1.1.a – Access Ports (Data and Voice)
Access ports are used to transmit traffic on a single VLAN that it has been assigned. (There are also Trunk ports which can carry traffic for all VLANs accessible to a switch)
There are two VLAN ranges you can use:
Normal Range 1 – 1001 (VLAN 1002-1005 are reserved for Token Ring and FDI.)
Extended Range 1006 – 4094
There are some differences between the two, both are covered below and will be covered further in later sections.
We’re going to look start by looking at a simple VLAN setup. With two end devices connected via 2 switches.
Replicate the setup below on both Switches:
switchport mode access
switchport access vlan 10
switchport voice vlan 15
Then on the switches configue a trunk on the port that connects them together:
switchport mode trunk
And that’s all there is to it , you now have 2 devices that can communicate over that VLAN.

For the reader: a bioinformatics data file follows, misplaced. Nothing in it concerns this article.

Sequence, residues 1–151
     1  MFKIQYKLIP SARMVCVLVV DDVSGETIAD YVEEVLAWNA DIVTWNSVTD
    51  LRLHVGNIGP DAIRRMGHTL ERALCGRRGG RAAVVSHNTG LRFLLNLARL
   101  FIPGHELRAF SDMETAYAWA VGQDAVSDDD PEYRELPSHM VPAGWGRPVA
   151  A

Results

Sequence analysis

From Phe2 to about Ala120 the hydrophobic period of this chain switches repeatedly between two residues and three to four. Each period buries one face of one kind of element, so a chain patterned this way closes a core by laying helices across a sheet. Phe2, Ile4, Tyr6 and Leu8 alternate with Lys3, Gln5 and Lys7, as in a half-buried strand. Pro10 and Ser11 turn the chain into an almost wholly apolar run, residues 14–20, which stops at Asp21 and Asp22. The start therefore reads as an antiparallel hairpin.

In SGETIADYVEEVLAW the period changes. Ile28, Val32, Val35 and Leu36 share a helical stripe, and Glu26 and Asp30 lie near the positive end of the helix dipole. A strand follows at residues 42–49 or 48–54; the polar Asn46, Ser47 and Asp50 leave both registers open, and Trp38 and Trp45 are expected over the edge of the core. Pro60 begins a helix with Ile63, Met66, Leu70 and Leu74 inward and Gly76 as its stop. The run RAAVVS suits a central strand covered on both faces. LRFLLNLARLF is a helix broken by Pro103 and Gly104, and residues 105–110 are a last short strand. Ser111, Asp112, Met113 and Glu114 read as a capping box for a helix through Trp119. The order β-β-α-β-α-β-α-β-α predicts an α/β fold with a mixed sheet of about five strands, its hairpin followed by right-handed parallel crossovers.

If you want to do this with a VLAN outside the range of 1-1005 you need to run another command on both of the switches.
If for example you want to use VLAN 3000, you’ll also need to configure the ‘allowed vlan list’ on the Trunk to let the traffic flow.
So on the interface that has the trunk set up issue this command:
Switch(config-if)#switchport trunk allowed vlan add 3000
switchport trunk allowed vlan add 3000
1.1.b – Default VLAN
This is the VLAN to which all access ports are assigned to until they are explicitly places in another VLAN. On Cisco switches this is VLAN 1
Leaving ports on the default VLAN can be a security risk. Ideally you’ll put all unused access ports on a different VLAN, and not use VLAN 1 for traffic.
This is different from the native VLAN, the native VLAN can be changed and represents the VLAN that all untagged traffic gets put on automatically.
NOTE – When dealing with Trunks the most useful command for debugging is show interfaces trunk – just a tonne of useful readable data.